Friday, September 5, 2008

Industrial Revolution, part II

Industrial Revolution, part II: Identity and comfort

The industrial revolution brought about many changes for human kind. These changes not only took the form of machines and architecture, but were also evidenced in society structure. Some historians have compared this transformation to the Neolithic revolution (Tate & Smith, 1986, pp. 221), when humans began practicing an agrarian society. The industrial revolution also transformed society in a way that allowed people to become individuals, prompting them to question authority and, for the first time, to question their fate. As more and more factories were added, more jobs and wealth was created; people saw this as an opportunity to “make” something of themselves and to “climb” the social ladder.

The ideas of “comfort” and “privacy” were still somewhat new to 19th century society yet architecture was beginning to take notice of these desires. In the early years of American history, most of the houses had been small and had few rooms however; most of the houses in the 19th century were separated into spaces that focused on the activity at hand (i.e. sleeping, eating, entertaining, cooking). This idea also translated into commercial spaces; hospitals, shopping centers, churches, and government buildings were all separated based on their unique operations. In addition, due to the efficiency of the machine, people were able to enjoy more relaxation, hobbies, and entertainment. Libraries, museums, and theatres were opened to accommodate leisure activities.

While much of the architecture (exterior and interior) during the Victorian period was comparatively similar from house to house, it was the interior décor that provided “identity” and “comfort” to the owner. The more décor, the higher the owner’s intelligence and social standing were gauged. How do you believe this relates to society today? How do you define comfort and identity? What examples can you cite? Be specific.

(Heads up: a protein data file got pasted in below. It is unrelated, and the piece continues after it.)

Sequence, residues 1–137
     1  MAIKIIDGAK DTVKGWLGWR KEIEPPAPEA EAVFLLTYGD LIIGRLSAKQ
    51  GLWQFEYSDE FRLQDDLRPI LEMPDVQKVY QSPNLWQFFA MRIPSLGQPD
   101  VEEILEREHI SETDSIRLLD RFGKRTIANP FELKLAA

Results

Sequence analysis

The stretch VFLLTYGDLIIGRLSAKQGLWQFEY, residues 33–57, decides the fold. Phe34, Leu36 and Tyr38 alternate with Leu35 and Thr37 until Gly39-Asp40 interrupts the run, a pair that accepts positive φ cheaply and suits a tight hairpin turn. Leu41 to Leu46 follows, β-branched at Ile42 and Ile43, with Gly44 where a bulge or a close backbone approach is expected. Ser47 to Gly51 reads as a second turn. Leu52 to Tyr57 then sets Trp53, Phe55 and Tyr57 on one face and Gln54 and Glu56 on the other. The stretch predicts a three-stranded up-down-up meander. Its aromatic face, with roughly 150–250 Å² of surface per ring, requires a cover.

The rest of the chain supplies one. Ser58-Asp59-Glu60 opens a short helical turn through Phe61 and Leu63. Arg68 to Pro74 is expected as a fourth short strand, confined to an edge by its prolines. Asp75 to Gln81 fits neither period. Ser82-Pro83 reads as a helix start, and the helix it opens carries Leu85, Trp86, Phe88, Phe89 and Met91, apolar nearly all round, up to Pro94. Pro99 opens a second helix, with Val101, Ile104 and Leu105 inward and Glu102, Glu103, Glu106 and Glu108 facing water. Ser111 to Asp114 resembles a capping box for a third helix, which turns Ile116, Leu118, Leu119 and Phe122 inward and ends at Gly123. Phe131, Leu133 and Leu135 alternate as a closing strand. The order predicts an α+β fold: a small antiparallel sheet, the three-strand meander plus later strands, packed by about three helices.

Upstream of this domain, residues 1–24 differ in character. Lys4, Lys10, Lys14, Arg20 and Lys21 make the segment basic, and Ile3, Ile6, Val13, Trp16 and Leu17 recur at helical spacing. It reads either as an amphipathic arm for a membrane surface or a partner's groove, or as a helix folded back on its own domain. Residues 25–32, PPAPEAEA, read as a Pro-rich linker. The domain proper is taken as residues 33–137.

Industrial Revolution, part I

Industrial Revolution, part I: step forward or step in the wrong direction?

As we have discussed in class, historians relate the Industrial Revolution to that of the Neolithic Revolution, when humans became an agrarian community versus nomadic (Tate & Smith, 1986, p. 219). There is no doubt that because of the Industrial Revolution we have benefited from its many inventions, advancements and improvements. Without it, our lives as we know it would be non-existent. As a person that belongs to middle class society, I would not have had the opportunities which I enjoy today if it were not for mass production and technology. In addition, very few individuals would know and understand the same comfort and luxuries we expect today. Still, history shows that the ancient Romans (before the fall of Rome) were a very advanced society and had invented many processes and materials to make life easier and more secure. Unfortunately, these methods were lost or forgotten with the fall of the Roman Empire. It took many years before these techniques were revived and improved upon. However, these “improvements” employed different methods than what was originally utilized, and since 1850 we now have 35% more carbon dioxide in our atmosphere (CBS evening news, August 2007). Sooner or later our idea of “comfort” will have to become compromised in the interest of the world’s future. The effects of this change are sure to bring about a new revolution; one that is perhaps more healthy for our environment, but (as some feel) could be detrimental to our way of life.

Considering global warming, do you believe that the Industrial Revolution, specifically the discovery of coal and other fossil fuels, was a necessary step forward or a “misstep” in the advancement of modern man? Do you think we would have found the same quality of life if we had continued to develop the technology we were already using (such as wind and water mills)? Explain your answer.

This blog is intended for the interior design students in the college of design at the University of Kentucky. It was created with the intent to present students with information, providing them with a channel for contemplation and discussion.